Sedona Mago AA History Symposium
February 21-23, 2014
As you stand in the Mago Retreat Center, you can look out over the high desert surrounding the center and see beautiful mountain vistas in every direction.
You can walk around or just sit and meditate on the banks of the little manmade lake in the middle of the complex.
The Schedule of the Conference
Greetings from the conference's organizers - Jay Stinnett (who is on the staff at the Sedona Retreat Center) & William Schaberg
Welcome and Introductions - Glenn Chesnut, Moderator of the AAHistoryLovers web group.
Kenote address: A Reverence for History - Ernie Kurtz in a video interview
Uncovering the True Story of Rowland Hazard & Dr. Jung - Cora Finch
Whatever Happened to the Oxford Group? - Jay Stinnett
What Did They Really Say: Early AA Recordings - early audio wire recordings and tape recordings collected by Mike Fitzpatrick
What Were Those Early AA Meetings Like? Snashots from 1937& 1938 - Gail Lacroix, Glenn Chesnut, and William Schaberg
In from the Cold: Bill's Meeting with Father Dowling - Glenn Chesnut
Eight Years of Detective Work: The Making of Bill W. - Kevin Hanlon & Dan Carracino
Bill W. - Video Excerpts from the Cutting Room Floor - Kevin Hanlon & Dan Carracino
Bell Rock in Sedona, Arizona
Jim Burwell - "The New York Atheist" - Our Most Unreliable AA Historian - William Schaberg
The Akron Pamphlets: Ohio's Response to th Big Book - Gail Lacroix
Show Me the Money! Tall Tales about Bill Wilson and AA Finances - Kevin Hanlon
Exploring Our Archival Treasurs - Paul Cleary & Sally Corbett
Cathedral Rock in Sedona, Arizona
THE THEMES OF THE SYMPOSIUM ARE PROFESSIONALISM & COLLEGIALITY
The talks given this weekend were intended to give us some good examples of the best professional level historical research. As Ernie Kurtz puts it:
We must emphasize above all the importance and benefits of "getting the story right"… without serving some private agenda.
We got to hear some examples of the value of asking probing questions on occasion about the accuracy of the received AA records.
We got to explore some of the challenges of uncovering and dealing with primary sources.
And perhaps some of us may well have discovered areas in AA history which need more attention from scholarly researchers.
Collegiality? This gathering was intended to be a whole lot more than just sitting and listening to talks. In fact, the most important part of the whole weekend may well have been the opportunity to just sit and talk with our colleagues, making use of this occasion to meet and chat with people personally whom we had only known previously from their writings and from e-mails -- and to meet new people too, including young people just starting out and the whole range of people who love to read about and talk about various aspects of AA history and the broader 12-step heritage.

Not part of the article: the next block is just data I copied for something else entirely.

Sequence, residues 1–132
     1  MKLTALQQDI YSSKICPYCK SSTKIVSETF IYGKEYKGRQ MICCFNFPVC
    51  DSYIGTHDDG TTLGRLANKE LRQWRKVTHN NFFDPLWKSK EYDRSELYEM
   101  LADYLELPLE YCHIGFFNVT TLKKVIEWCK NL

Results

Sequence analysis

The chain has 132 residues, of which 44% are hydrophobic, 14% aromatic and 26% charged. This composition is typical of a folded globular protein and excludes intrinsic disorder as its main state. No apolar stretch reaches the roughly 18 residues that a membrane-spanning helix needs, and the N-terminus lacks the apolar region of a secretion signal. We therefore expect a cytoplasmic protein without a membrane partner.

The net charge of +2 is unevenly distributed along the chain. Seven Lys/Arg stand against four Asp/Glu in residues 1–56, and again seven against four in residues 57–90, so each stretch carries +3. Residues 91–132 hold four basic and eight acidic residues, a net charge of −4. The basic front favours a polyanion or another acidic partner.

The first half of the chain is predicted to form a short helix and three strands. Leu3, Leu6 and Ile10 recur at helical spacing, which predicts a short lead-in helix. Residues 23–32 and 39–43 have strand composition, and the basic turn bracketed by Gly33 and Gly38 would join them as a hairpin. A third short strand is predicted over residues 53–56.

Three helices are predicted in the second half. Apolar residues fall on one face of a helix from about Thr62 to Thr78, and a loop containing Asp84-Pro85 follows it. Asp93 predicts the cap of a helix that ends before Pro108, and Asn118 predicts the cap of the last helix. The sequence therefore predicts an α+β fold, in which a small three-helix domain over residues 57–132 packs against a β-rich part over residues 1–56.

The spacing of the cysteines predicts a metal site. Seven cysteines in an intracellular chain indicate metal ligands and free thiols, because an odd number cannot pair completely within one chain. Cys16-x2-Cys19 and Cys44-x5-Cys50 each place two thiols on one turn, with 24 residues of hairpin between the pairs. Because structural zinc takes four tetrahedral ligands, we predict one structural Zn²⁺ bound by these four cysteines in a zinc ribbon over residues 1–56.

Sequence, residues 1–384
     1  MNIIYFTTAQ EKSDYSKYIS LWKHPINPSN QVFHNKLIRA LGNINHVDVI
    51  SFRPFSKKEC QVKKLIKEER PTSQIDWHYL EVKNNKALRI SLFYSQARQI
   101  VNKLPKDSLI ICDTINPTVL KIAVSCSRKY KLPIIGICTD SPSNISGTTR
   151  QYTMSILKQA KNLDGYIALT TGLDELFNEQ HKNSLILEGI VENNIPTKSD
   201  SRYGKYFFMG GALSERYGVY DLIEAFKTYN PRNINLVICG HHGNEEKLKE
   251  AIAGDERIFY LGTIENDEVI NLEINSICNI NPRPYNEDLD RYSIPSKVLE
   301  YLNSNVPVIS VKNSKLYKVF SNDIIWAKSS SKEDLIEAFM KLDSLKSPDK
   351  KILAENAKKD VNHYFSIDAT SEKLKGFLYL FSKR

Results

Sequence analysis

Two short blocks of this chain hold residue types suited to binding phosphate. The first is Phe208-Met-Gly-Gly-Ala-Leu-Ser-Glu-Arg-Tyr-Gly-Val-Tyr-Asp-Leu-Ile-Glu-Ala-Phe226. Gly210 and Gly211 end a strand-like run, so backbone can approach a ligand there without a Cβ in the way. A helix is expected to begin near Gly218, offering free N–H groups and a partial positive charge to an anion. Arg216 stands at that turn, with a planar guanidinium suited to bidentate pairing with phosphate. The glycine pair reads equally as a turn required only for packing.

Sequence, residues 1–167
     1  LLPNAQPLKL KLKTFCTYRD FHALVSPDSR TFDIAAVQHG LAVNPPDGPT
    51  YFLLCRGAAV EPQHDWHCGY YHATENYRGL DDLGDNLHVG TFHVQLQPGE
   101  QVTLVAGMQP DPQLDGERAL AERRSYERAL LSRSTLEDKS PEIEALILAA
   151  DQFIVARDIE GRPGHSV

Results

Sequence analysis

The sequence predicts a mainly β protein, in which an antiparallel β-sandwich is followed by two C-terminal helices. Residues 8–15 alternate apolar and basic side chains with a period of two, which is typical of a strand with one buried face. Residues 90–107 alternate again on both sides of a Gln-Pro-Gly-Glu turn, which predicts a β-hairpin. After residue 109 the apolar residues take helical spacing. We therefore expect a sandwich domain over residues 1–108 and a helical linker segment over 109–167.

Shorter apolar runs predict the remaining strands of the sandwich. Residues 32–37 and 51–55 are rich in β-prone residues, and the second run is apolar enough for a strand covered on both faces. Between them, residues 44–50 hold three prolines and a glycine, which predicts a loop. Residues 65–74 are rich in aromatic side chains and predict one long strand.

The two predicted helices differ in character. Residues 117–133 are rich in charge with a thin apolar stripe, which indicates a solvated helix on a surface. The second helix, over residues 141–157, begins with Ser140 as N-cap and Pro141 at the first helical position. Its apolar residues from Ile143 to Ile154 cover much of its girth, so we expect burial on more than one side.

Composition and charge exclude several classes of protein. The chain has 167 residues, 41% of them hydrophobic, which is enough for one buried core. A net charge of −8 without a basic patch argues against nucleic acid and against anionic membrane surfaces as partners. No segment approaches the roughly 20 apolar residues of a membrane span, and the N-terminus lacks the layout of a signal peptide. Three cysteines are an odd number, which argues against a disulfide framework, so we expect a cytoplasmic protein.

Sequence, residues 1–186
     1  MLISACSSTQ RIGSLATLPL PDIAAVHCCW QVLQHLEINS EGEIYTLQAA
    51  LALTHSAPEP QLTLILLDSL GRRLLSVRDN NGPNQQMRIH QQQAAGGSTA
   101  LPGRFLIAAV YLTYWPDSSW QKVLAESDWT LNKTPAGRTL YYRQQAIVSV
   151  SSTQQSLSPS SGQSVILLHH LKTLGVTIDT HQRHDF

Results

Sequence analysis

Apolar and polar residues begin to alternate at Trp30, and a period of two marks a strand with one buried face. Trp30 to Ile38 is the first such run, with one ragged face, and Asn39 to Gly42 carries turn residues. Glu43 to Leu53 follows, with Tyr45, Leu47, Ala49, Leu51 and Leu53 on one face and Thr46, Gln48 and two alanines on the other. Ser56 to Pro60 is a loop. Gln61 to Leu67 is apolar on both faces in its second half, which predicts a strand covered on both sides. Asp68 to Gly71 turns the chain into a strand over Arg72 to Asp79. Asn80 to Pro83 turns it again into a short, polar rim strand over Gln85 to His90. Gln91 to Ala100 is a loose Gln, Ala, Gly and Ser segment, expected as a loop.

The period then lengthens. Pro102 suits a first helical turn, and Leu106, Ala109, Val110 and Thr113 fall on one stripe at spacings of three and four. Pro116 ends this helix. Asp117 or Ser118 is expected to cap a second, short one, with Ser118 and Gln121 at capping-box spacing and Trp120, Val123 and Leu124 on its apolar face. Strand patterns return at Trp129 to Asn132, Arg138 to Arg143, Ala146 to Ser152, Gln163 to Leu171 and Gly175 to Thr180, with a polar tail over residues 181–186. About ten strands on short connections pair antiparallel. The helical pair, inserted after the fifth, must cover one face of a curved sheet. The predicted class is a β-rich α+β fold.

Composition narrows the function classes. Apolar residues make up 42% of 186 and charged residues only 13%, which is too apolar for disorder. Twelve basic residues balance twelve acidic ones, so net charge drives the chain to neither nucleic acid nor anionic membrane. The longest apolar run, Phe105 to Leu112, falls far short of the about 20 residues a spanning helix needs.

The great east Asian Mother Goddess Mago
As Glenn Chesnut said in his introduction at the beginning of the conference: On Dec. 11, 1934 Bill Wilson had his last drink and checked himself into Towns Hospital in New York City. Then on Dec. 14, he had a profound spiritual experience -- a vision of the divine light -- and on the next day, two Oxford Group members, Ebby Thacher and Shep Cornell, visited him and brought him two books to read: William James' Varieties of Religious Experience and The Little Flowers of St. Francis.
The first was in fact a book of stories, stories about hundreds of people. The second was a book telling the story of one extraordinary spiritual figure.
Ebby and Shep were simply following a suggestion given in a book called Soul-Surgery, written by H. A. Walter, which laid out what the Oxford Group called the 5 C’s. Walter said on pp. 127-128:
"Conversion is a matter both of the heart and the will, and if there is anything we can do to assist him to make the great venture of faith .... it is, first of all, to give him autobiographical writings like those of St. Augustine, Brother Lawrence and Tolstoy ...."
The people in this gathering in Sedona are important because they are some of the ones who tell and preserve and cherish the stories that show men and women how to turn their lives around.
It is also important to express our enormous gratitutde to Jay Stinnett and THE MAGO RETREAT CENTER for giving us such a beautiful place to hold this symposium. Spirituality lies at the heart of the 12 step program, and this retreat center, with ancient Korean Taoist spirituality at its heart, is set in a part of North America where the spiritual dimension breaks through the surface of the material world in often spectacular fashion. This goes back centuries, to the Anasazi and perhaps even before. We should not be surprised if we have personal spiritual experiences of one sort or another before this weekend is over.
And in light of that, it seems appropriate that -- here at the beginning of this symposium -- we all say a prayer in our hearts for Ernie Kurz, whose health did not permit him to be here this weekend, but who sent a videotape, and will be in all of our minds throughout the weekend. Numerous people at this retreat -- myself included -- have been the recipients of countless acts of kindness and generosity from that kind and good man.
The great east Asian Mother Goddess Mago
A photo of the center's assembly hall, taken at a previous gathering. The AA History Symposium had many more people than this group: 150 attendees.
The guest rooms had beds and bathroom facilities, but no telephones or televisions, so that the attendees could have a quiet place to rest or meditate whenever they wished.